Because of that, any man who takes the time to speak about disagreements within the movement must be “mansplaining.” Any man who speaks ill of another feminist within the movement – as long as she isn’t pro-life or Naomi Wolf, is an MRA in disguise –a wolf in sheep clothing. Any man who challenges the experiences of women not based on her gender, but because some experiences might just be wrong regardless of gender, is considered a failure in feminism’s number one tenet – listen to women.
It is almost as if, within the feminist movement, there is a reversal in role in having a voice. Whereas within a greater society, the picture of obedient women who agree with the patriarchs, getting pats on the head and approval from men in power is a powerful one, within the feminist movement, it is also true for men. Suddenly, “truths” become the experiences of those in power instead of a group as a whole, and just as we’ve learned that those at the top rungs of the power ladder are less likely to see the whole picture, as they are blinded by their own privilege, the same can be said for that power within the feminist movement. I know it already. I know that someone will come along and say that this is yet just another argument from men who feel like their power is taken away, and are fighting for that power back. Such is not the case. I say this not because I want more feathers on my headdress, power at my disposal or more room at the podium, but because such a practice within the movement has hurt more than it’s helped the movement. Just as sexism has hurt our society as a whole, this practice – which is far from the sexisms women face in the “outside world” – has also hurt the progress of the feminist movement. As a result, much like women in patriarchy, men are conditioned from day one of the movement to be “good allies” – and by such – they are implicitly told that being a good ally meant spouting theories and ideals that the movement agrees with. Do so and one gets a reward and a pat on the back. Disagree and one gets labeled as a man threatened by having power taken away and, worse yet, a member of the MRA.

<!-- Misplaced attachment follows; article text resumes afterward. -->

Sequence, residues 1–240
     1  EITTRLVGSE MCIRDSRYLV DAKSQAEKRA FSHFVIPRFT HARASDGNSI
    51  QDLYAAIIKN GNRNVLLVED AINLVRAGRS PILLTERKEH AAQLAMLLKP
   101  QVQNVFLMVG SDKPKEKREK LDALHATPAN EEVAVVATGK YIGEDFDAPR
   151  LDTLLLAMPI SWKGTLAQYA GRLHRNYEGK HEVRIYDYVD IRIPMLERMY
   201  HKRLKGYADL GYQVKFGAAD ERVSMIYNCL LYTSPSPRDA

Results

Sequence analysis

Yet another way the movement has silenced dissenting ideas is to accuse men who disagree with the movement’s certain messages of falsely being threatened. While, indeed, the language that some men use for fear of being silenced is ridiculously out of proportion, the truth is that some men within the movement are fearful of speaking out in disagreements for fear of being an outcast. Whereas “good allies” are taught to respect women’s perceived threats, and that based on lived experiences, women do have the right to feel threatened and men should take great care in recognizing that and not act in threatening ways, the experiences of men within the movement and the threats some of them feel, are cast of to the side. Any claims of being threatened, and let’s be fair – the threats men feel within the movement and the “reprisals” to be felt, are nothing compared to what women often have to deal with – are perceived as a silencing tactic by men to save their feelings, where men’s utmost concern is often not their feelings, but being able to speak truths within the movement without being outcast. In short, rather than listening to their allies, mainstream feminists revert to old and stale feminist theories, created originally not to examine the movement from within, but a gendered culture from the outside.